Seven Books You Can (And Should) Devour In A Day

You won't be able to stop.

13/10/2016 9:49 AM AEDT | Updated 14/10/2016 10:07 AM AEDT
Tim Macpherson
So many books, so little time.

There is all but a greater pleasure in life than sitting down to start a new book ... and not stopping until you turn that final page (even though it may have taken you 13 hours straight to get there).

From anticipated releases to old classics and inspiring novellas, here's our shortlist of books that you can (and probably should) devour in a day.

So put down that device, blanket out an entire afternoon and start reading (you can thank us later).

Girl On A Train (Paula Hawkins)

As the Hollywood adaptation of this psychological thriller hits the cinemas, so too comes the usual assertion: is the book better than the film? That's only for you to tell.

For those who have been hiding under a rock, here's what happens in British author Paula Hawkin's best-seller: One of three protagonists, Rachel (played by Emily Blunt in the film), takes the same commuter train each morning and night, watching the same couple (Jess and Jason) as they breakfast on their deck. Their life appears flawless -- until things turn shockingly wrong. The entanglement that ensues is so thrilling, you won't have any choice but to keep reading.

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We're just as excited about this one as you, Emily.

BossyPants (Tiny Fey)

"Before Liz Lemon, "Weekend Update" and "Sarah Palin", Tiny Fey was a young girl with a dream -- a recurring one that saw her being chased through a local airport by her middle-school gym teacher."

Who doesn't love a good laugh with the one-and-only Tina Fey? Her autobiographical comedy is dagger-sharp, extremely funny and a breeze to whip through.

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You're no one until someone calls you bossy.

Bossypants topped the New York Times Best Seller list when it was released and stayed there for five weeks. You'll soon know why.

Harry Potter (J.K. Rowling)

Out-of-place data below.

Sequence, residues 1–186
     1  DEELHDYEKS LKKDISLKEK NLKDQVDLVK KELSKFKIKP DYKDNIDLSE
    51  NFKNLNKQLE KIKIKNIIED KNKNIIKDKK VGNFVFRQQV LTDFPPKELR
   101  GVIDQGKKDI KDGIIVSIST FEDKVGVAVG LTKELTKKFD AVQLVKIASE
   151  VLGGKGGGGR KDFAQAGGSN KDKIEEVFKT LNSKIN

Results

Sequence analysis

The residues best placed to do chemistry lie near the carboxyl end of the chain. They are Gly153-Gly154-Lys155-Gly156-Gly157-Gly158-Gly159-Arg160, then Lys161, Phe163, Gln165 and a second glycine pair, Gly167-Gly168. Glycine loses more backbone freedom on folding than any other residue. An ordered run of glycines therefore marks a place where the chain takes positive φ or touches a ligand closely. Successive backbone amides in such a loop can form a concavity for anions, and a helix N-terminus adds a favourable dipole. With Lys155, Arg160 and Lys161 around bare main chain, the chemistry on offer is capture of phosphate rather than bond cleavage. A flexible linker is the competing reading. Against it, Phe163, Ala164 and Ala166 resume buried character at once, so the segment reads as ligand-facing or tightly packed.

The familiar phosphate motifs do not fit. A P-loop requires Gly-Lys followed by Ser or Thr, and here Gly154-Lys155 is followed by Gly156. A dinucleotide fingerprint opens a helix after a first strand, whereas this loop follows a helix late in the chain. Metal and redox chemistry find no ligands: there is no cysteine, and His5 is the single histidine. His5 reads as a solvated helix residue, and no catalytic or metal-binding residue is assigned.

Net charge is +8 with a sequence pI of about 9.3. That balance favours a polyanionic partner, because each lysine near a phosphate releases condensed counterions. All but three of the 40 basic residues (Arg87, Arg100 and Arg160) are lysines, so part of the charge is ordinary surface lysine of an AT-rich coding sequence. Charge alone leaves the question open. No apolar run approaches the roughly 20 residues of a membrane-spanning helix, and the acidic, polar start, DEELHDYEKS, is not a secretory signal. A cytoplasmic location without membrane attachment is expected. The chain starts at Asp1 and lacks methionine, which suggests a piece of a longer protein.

We couldn't choose one, so we have chosen them all. From our first introduction to a tiny, little Harry in Harry Potter and the Philosopher's Stone to Rowling's latest anticipated release, Harry Potter and the Cursed Child, setting aside a full day always has been (and always will be) an absolute must.

There is nothing better.

We Were Liars (E. Lockhart)

This one is critically-acclaimed -- and for good reason.

We Were Liars tells the story of a wealthy family who whisk away to their private island every summer. But each summer is different -- and troubles in paradise ensue. Lockhart raises all kinds of moral questionings around silence and greed that will keep you engaged long after its final pages.

Not That Kind Of Girl (Lena Dunham)

Funny, gut-wrenching and fiercely-candid. Lena Dunham's memoir is all of her in her creatively dangerous glory. Compiling a collection of personal essays, lists and emails, she gutsily places us on the frontline to the struggles of growing up. From recounting the story of her first time to her obsession with death and dying, Dunham is moving in her every misstep. And she's full of surprises -- at every twist and turn.

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The creative wonder herself.

Saturday (Ian McEwan)

Ian McEwan is a literary master and his 2005 classic is no different. Set in Fitzrovia, London, Saturday follows a large demonstration taking place against the United States' 2003 invasion of Iraq. The protagonist, a 48-year-old neurosurgeon, ponders the meaning of the protest as he goes about his usual day -- in the same time that it will take you to get through this one.

Avalanche (Julia Leigh)

Julia Leigh, an Australian writer and director, had six rounds of IVF and did not conceive. In this short novella featuring matter-of-fact prose, she writes of her unexpected desire to start a family in her mid-thirties, her rekindled relationship with a man from her past and the grief that came with losing her imagined child. You'll ache, you'll laugh and you'll cry throughout this intimate account -- and somehow reach the end feeling a little lighter.

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